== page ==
United Kingdom Haydn, Beethoven & Mendelssohn: Arcadia Quartet [Ana Török & Răsvan Dumitru (violins), Traian Boală (viola), Zsolt Török (cello)], Meccore Quartet [Wojciech Koprowski & Jaroslaw Nadrzycki (violins), Michal Bryla (viola), Karol Marianowski (cello)], Wigmore Hall, London 24.3.2015 (CS)
Haydn: String Quartet in E flat major Op.33 No.2 (‘The Joke’)
Beethoven: String Quartet No.1 in F major Op.18 No.1
Mendelssohn: String Octet in E flat major Op.20
On the evening of the opening day of the 2015 Wigmore Hall International String Quartet Competition, the First and Second Prize-winners from the 2012 Competition joined forces to perform, individually and collectively, three chamber masterpieces from the Classical era.
Formed in 2005 while students at the Gheorghe Dima Music Academy in Romania, the Arcadia Quartet have made a habit of winning prizes, taking First Prize in the 2014 Osaka International Chamber Music Competition, the 2011 Almere International Chamber Music Competition in 2011 and the International Chamber Music Competition Hamburg in 2009, in addition to the Wigmore’s own triennial event.
Haydn’s String Quartet in E flat, Op.33 No.2 proved the perfect vehicle for the Arcadia to display the elegance and grace of their playing. Led by violinist Ana Török – whose strong, focused, beautifully shining tone was one of the highlights of the evening – the Quartet emphasised the lyricism and balance of Haydn’s writing, thereby making the witty irresolutions of the final movement, from which the work derives its nickname, all the more charming. A firm upbeat initiated the opening cantabile melody of the Allegro moderato and this leaping semiquaver motif was subsequently passed between the players with decorum and eloquence. The clarity of Török’s rapid passagework was impressive but she also took every opportunity to make the melody bloom. The surprising modulatory meanderings of the development were given changing character, drawing in the listener, and with the recapitulation the melodic lines extended naturally, reaching persuasively for the close which was performed, appropriately, without fuss or show.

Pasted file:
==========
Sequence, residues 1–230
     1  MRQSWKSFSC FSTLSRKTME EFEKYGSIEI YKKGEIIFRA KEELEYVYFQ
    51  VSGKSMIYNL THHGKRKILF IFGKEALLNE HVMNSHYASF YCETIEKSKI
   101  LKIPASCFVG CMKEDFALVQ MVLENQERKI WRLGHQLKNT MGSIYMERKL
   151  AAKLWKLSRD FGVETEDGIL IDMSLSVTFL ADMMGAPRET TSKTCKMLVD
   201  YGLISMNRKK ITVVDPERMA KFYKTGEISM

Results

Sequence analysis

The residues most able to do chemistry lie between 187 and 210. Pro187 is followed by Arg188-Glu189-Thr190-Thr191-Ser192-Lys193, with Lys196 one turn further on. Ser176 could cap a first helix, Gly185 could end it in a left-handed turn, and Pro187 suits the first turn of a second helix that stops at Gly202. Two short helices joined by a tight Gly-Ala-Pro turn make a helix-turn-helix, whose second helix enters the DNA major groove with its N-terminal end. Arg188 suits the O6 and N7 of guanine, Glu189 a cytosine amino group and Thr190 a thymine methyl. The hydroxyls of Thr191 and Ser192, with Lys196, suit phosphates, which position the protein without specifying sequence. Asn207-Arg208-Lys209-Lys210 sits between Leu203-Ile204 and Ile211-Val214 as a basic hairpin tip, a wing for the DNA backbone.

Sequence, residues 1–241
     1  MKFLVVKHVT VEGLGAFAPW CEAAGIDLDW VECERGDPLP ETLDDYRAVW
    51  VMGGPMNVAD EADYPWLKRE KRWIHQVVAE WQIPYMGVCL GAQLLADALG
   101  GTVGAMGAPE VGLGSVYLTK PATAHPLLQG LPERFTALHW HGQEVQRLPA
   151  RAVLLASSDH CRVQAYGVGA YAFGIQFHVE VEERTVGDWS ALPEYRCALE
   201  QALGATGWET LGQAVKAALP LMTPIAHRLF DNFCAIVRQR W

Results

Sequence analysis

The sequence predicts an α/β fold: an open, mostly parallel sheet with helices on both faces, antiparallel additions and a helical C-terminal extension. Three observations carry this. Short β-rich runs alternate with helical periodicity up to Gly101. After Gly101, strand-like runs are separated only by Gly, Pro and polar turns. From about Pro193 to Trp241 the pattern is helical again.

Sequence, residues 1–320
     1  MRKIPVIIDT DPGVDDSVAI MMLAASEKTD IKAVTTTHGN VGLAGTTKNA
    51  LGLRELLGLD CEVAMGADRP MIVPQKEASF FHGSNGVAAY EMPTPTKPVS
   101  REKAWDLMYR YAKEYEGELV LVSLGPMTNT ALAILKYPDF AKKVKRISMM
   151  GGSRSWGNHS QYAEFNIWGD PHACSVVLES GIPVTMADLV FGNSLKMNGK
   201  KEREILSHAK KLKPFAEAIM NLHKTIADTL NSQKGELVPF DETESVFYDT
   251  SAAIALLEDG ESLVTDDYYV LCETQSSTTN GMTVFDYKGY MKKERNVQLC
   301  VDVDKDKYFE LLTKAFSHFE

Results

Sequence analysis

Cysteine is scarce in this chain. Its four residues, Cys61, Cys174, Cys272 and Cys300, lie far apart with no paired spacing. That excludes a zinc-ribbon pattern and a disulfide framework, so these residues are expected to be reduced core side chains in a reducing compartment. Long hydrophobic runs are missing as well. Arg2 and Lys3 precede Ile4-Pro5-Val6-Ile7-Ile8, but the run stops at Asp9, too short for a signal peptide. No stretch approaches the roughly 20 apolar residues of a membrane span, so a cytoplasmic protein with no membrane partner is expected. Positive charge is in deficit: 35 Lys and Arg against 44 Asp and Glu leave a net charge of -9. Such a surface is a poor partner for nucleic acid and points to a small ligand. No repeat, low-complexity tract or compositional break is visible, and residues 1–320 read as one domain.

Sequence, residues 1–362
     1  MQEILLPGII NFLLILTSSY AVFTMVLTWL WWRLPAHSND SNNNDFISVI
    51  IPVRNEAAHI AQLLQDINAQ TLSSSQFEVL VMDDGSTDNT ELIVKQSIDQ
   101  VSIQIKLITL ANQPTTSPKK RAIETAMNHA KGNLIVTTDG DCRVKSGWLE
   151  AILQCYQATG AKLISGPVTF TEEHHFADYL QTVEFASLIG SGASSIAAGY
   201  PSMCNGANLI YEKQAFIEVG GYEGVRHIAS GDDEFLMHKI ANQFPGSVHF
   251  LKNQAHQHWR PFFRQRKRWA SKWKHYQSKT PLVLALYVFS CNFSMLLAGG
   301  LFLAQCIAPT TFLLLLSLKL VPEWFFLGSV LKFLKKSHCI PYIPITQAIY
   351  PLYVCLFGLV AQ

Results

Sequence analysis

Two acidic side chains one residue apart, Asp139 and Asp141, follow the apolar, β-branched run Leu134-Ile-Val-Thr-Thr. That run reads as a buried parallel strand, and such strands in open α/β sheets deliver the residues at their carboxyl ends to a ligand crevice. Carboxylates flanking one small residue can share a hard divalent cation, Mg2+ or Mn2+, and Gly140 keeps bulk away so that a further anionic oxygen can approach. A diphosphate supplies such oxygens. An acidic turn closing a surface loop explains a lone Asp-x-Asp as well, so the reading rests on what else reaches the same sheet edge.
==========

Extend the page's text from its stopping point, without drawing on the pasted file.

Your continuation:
I loved the way that the peak of the Scherzo’s melody was heralded and enriched by a slight elongation and increased vibrato: in this way, the most simple of themes was polished with refinement. The Trio was full of rustic charm, as the Arcadia perfectly strode the fine line between bucolic authenticity and wry parody. Second violinist Răsvan Dumitru matched Török for warmth of tone, and the two violins blended beautifully when playing in thirds, first widely spaced then with their two voices closely entwined. The Largo sostenuto gave violist Traian Boală and cellist Zsolt Török the opportunity to engage in a tender duet, a restrained melody which was delicately ornamented; when the violins took over, the cello’s pianissimo murmurings provided a touch of quiet drama. Much was made of dynamic contrasts: the forte chords were short and dry, the pianissimo echoes a low whisper. The final cadence vanished exquisitely but there was no time to reflect on its beauty, for the Presto whirled off immediately, the first violin’s theme dancing lightly supported by tip-toeing chords below. After the subtle opening, there was more robustness, the cello’s insistent repeating notes and pedals creating a firm impetus. The fragmentations of the rondo theme in the final bars were performed with such precision and style that, rather than leaving us wondering ‘has it finished?’, they seemed the natural way for the work to conclude.